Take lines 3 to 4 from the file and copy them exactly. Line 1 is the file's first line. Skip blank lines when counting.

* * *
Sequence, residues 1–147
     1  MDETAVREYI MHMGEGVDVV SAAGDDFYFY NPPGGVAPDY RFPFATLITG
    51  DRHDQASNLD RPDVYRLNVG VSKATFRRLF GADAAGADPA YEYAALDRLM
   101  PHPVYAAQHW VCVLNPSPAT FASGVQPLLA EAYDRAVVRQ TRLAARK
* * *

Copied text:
    51  DRHDQASNLD RPDVYRLNVG VSKATFRRLF GADAAGADPA YEYAALDRLM
   101  PHPVYAAQHW VCVLNPSPAT FASGVQPLLA EAYDRAVVRQ TRLAARK